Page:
For a serial kidnapper, Philip Yeo looks harmless enough. But to hear some people tell it, he's a dangerous man. Over the past six years, Yeo has been roaming the world, trailing talented scientists in Washington; San Diego; Palo Alto, Calif.; Edinburgh and elsewhere, and spiriting them back to his home country of Singapore. Like any proud collector, Yeo never tires of ticking off his most prized trophies: former National Cancer Institute star Edison Liu, American husband-and-wife team Nancy Jenkins and Neal Copeland, British cancer researcher David Lane. "I'm a people snatcher," he says unashamedly.
What distinguishes Yeo from other kidnappers, of course, is that his targets go willingly. They happily relocate to Singapore's new 2 million-sq.-ft. Biopolis research center, where they can concentrate on one thing they can't always study so easily back home: stem cells. Just last week President George W. Bush used the first veto of his presidency to block a congressional action that would have lifted his 2001 ban on federal funding for most stem-cell research, ensuring that cell lines will remain scarce and money short at research centers lacking the state funding or private wealth to thumb their nose at dollars from Washington.
While Bush's action infuriated U.S. scientists, political catfights aren't the only things that make stem-cell research a challenge. The science is complex, the cost is high, and the efforts are scattered all over the world. Enter Singapore, which has begun offering itself as a combination sanctuary and think tank for scientists in the field.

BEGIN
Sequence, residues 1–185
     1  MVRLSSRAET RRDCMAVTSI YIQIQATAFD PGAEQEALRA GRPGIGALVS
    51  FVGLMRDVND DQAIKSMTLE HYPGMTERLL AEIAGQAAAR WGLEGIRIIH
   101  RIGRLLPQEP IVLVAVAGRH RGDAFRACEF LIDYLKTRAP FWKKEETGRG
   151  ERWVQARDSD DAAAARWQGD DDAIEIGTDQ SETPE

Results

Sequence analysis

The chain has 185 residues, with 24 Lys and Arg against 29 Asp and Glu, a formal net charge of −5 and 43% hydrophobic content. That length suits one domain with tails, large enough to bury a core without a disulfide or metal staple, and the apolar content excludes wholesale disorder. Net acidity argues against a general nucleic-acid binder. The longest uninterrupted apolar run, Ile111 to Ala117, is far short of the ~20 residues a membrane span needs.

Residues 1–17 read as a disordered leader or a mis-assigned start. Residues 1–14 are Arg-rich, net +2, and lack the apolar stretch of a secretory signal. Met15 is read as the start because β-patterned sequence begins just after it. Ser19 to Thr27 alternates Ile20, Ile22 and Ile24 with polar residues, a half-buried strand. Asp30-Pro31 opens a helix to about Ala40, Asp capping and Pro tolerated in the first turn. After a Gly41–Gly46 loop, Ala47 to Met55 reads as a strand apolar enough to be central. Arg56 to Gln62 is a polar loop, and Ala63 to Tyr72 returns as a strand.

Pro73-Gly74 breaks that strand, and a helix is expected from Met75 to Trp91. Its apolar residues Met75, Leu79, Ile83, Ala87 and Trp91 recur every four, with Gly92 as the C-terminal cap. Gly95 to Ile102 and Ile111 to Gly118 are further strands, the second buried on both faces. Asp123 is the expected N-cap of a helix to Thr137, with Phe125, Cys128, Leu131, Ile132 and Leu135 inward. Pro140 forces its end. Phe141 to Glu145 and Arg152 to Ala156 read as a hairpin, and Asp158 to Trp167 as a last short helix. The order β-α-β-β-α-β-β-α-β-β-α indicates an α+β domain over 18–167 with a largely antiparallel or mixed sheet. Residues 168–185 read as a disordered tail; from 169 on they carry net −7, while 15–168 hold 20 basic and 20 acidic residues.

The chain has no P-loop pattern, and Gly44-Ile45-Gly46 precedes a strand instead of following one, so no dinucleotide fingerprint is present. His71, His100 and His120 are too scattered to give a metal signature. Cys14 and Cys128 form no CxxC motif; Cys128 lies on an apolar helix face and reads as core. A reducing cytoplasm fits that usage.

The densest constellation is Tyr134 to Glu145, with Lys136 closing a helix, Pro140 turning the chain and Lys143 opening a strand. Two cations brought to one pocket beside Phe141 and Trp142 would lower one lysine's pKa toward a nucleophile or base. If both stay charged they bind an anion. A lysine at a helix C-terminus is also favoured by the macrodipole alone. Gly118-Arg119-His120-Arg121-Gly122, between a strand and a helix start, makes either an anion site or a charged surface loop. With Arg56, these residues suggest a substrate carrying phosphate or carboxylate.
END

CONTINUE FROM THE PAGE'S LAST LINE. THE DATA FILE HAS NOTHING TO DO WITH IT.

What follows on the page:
The idea that buttoned-up Singapore, better known for punitive caning and a onetime ban on chewing gum, should emerge as a center of enlightenment seems unlikely. But the government sees both scientific and fiscal promise in the biomed field. This month, Singapore announced a doubling of its R&D budget, to $8.2 billion over the next five years, making it a regional research hub, particularly in stem cells. That's attractive to frustrated American scientists--and worrisome to people who want to see the U.S. retain its scientific edge.
"I think there is a risk of a brain drain, and we are seeing it," says Christopher Thomas Scott, executive director of the Stanford Program on Stem Cells in Society. Yeo, for one, is blunt about taking advantage of the American political climate. "I go to the U.S., and I tell those scientists, Come to Singapore and finish your work," he says.
Singapore's leadership in stem-cell research is not new. In 1994, Ariff Bongso, a Sri Lanka--born embryologist at the National University of Singapore, became the first person to isolate human embryonic stem cells, and in 2002 he discovered a way to grow stem-cell lines without the use of animal cells, which could make it easier to find clinical uses in human beings. Bongso achieved those breakthroughs nearly alone, but that would not be the case anymore, thanks to Biopolis, the government's $300 million bet on bioscience.